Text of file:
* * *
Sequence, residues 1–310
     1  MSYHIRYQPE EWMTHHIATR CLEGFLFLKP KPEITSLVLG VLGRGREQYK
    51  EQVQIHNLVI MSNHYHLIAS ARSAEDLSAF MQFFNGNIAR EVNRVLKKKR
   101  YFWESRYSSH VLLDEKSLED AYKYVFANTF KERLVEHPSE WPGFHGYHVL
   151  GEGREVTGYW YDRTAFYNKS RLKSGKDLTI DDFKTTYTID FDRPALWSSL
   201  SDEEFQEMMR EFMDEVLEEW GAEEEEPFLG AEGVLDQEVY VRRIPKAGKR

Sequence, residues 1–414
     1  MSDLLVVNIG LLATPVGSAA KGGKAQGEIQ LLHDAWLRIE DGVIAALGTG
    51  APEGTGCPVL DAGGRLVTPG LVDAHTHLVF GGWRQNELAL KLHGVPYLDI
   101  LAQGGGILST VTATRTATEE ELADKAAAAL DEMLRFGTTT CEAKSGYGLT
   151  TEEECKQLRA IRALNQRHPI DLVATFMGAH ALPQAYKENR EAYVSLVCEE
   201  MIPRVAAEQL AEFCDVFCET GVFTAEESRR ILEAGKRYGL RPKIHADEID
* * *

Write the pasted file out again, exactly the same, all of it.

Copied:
Sequence, residues 1–310
     1  MSYHIRYQPE EWMTHHIATR CLEGFLFLKP KPEITSLVLG VLGRGREQYK
    51  EQVQIHNLVI MSNHYHLIAS ARSAEDLSAF MQFFNGNIAR EVNRVLKKKR
   101  YFWESRYSSH VLLDEKSLED AYKYVFANTF KERLVEHPSE WPGFHGYHVL
   151  GEGREVTGYW YDRTAFYNKS RLKSGKDLTI DDFKTTYTID FDRPALWSSL
   201  SDEEFQEMMR EFMDEVLEEW GAEEEEPFLG AEGVLDQEVY VRRIPKAGKR

Sequence, residues 1–414
     1  MSDLLVVNIG LLATPVGSAA KGGKAQGEIQ LLHDAWLRIE DGVIAALGTG
    51  APEGTGCPVL DAGGRLVTPG LVDAHTHLVF GGWRQNELAL KLHGVPYLDI
   101  LAQGGGILST VTATRTATEE ELADKAAAAL DEMLRFGTTT CEAKSGYGLT
   151  TEEECKQLRA IRALNQRHPI DLVATFMGAH ALPQAYKENR EAYVSLVCEE
   201  MIPRVAAEQL AEFCDVFCET GVFTAEESRR ILEAGKRYGL RPKIHADEID